The partial answer to this, I feel, is to not totally avoid the boundaries issues, but we absolutely must compliment this line of inquiry with the required compassion, understanding and genuine support being made available (and authentically, not just a brief sentence thrown in). We can't mention boundaries and trying to enforce more acceptable behaviour without discussing all that comes with it.

When my mum was at her most unwell and practically stalking her very lovely neighbours due to intense paranoia and very low self-esteem, and being hostile and verbally abusive to long-time friends for the same reasons I would have been flabbergasted if someone had suggested "boundaries" with her had been a factor. No one ever did suggest this thankfully! If they had, I'd have been very happy to, calmly, sit down with them and educate them. I would have told them about all the little, and not so little, things we, as a family, had been doing over the years to help support her, and to reduce the impact her behaviour has on others.

I know all you guys know this, I'm just writing this as a self-reflective really!!!
What really hacks me off is when a new social worker/care manager ignores everything I've learned in the last 37 years about my brain damaged son. Then their "new" plan - which is actually identical to a plan of 10 years ago - fails very quickly. SW ignores everything I say, so I end up having to make formal complaints. I'm fed up with going round and round the same stupid circles. I provided copies of all my son's certificates, now they've been "lost" and I've been asked to copy them all again. I've the clearest possible evidence of a range of issues, no one wants to see them. Yet when everything goes horribly wrong, through no fault of my own, they suddenly expect me to drop everything and fill in all the cracks!!!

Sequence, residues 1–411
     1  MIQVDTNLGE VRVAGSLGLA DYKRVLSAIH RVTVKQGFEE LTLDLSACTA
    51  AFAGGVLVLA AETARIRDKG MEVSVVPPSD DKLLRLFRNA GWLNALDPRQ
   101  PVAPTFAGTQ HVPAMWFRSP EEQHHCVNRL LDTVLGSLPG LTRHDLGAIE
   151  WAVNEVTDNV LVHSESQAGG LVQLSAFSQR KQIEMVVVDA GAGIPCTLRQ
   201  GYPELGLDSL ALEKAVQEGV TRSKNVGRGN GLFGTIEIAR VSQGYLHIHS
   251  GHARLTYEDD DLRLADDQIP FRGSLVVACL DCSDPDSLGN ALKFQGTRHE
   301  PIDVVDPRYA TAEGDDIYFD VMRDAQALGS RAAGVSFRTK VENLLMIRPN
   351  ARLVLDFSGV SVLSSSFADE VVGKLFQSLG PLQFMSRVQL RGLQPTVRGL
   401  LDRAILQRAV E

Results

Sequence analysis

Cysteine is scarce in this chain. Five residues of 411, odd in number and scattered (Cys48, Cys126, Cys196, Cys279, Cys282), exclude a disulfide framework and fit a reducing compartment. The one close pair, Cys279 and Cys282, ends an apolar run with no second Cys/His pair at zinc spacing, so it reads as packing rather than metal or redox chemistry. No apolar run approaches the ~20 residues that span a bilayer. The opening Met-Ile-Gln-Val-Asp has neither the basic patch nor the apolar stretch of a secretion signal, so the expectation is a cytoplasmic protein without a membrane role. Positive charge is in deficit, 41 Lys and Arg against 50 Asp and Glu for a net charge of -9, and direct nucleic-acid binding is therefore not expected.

BB. I don't know how you keep going! Well maybe I do. Because you have to and you love your son.
My daughter likens Hubby's situation to an ever revolving door.
Seem your battle for your son is a very similar door. Round and round till you are so dizzy you nearly fall.
Have a good sleep and I hope tomorrow is peaceful xx
I'm only here because I had life saving surgery. Only here because by chance I was not driving my Escort, but my late husband's Range Rover, when I was hit head on. Life is precious, and I'm so lucky to be here. I am determined to enjoy the life I so nearly didn't have, as much as possible. Every day is precious. We are having a good time at the show with the steam engine this week. Everyone happy. However, I did meet an off duty support worker, who told me that one member of staff. Apparently staff's attitude to keeping M's money records is "I'm not an accountant". All they have to do is write down what they've spent and use a calculator to add or subtract one figure from another!! Who has learning difficulties then? I could do this as mental arithmetic by the time I was 8 or 9!!!!
Part of being a support worker is to help keep the monies in order. Not run a business, just help balance a few pounds. That comment is another 'cop out'. I don't understand why their supervisor/ manager isn't keeping a check on records. Mobile phones have calculators. Bet they can use their phones!
There are TWO calculators at M's flat. The problem is that they don't understand the concept of an "in" column, an "out" column, and what "Balance Brought Forward" means!